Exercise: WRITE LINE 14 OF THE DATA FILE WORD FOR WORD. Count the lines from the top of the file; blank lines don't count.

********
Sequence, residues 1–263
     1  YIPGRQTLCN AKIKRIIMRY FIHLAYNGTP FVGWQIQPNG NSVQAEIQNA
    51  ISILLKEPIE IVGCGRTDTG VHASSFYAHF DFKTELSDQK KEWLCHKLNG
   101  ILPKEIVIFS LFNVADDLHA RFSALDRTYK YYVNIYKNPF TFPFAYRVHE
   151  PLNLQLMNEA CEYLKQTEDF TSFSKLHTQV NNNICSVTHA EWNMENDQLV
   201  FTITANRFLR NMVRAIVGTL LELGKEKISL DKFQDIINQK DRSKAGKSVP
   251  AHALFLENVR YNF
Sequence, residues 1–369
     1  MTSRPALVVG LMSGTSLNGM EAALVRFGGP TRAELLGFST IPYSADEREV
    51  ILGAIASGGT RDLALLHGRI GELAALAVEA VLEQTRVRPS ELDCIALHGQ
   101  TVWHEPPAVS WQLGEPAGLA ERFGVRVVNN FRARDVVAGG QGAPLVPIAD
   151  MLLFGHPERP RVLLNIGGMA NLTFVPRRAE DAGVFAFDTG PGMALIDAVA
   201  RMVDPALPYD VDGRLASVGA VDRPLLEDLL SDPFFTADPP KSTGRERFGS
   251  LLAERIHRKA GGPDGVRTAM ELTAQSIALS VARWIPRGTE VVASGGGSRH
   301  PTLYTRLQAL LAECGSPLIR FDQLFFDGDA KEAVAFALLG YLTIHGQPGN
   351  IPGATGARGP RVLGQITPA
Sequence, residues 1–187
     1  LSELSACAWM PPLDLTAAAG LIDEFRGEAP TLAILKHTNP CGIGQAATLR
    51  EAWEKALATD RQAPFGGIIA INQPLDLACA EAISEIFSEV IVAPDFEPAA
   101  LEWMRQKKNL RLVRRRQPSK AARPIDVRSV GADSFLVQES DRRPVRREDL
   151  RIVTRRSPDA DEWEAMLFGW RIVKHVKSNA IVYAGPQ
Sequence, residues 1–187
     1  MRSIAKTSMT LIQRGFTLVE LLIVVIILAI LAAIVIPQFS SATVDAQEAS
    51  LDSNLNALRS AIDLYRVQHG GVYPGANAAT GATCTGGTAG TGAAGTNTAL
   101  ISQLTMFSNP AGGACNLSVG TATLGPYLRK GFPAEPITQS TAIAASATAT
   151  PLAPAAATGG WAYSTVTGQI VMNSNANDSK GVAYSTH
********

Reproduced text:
   251  LLAERIHRKA GGPDGVRTAM ELTAQSIALS VARWIPRGTE VVASGGGSRH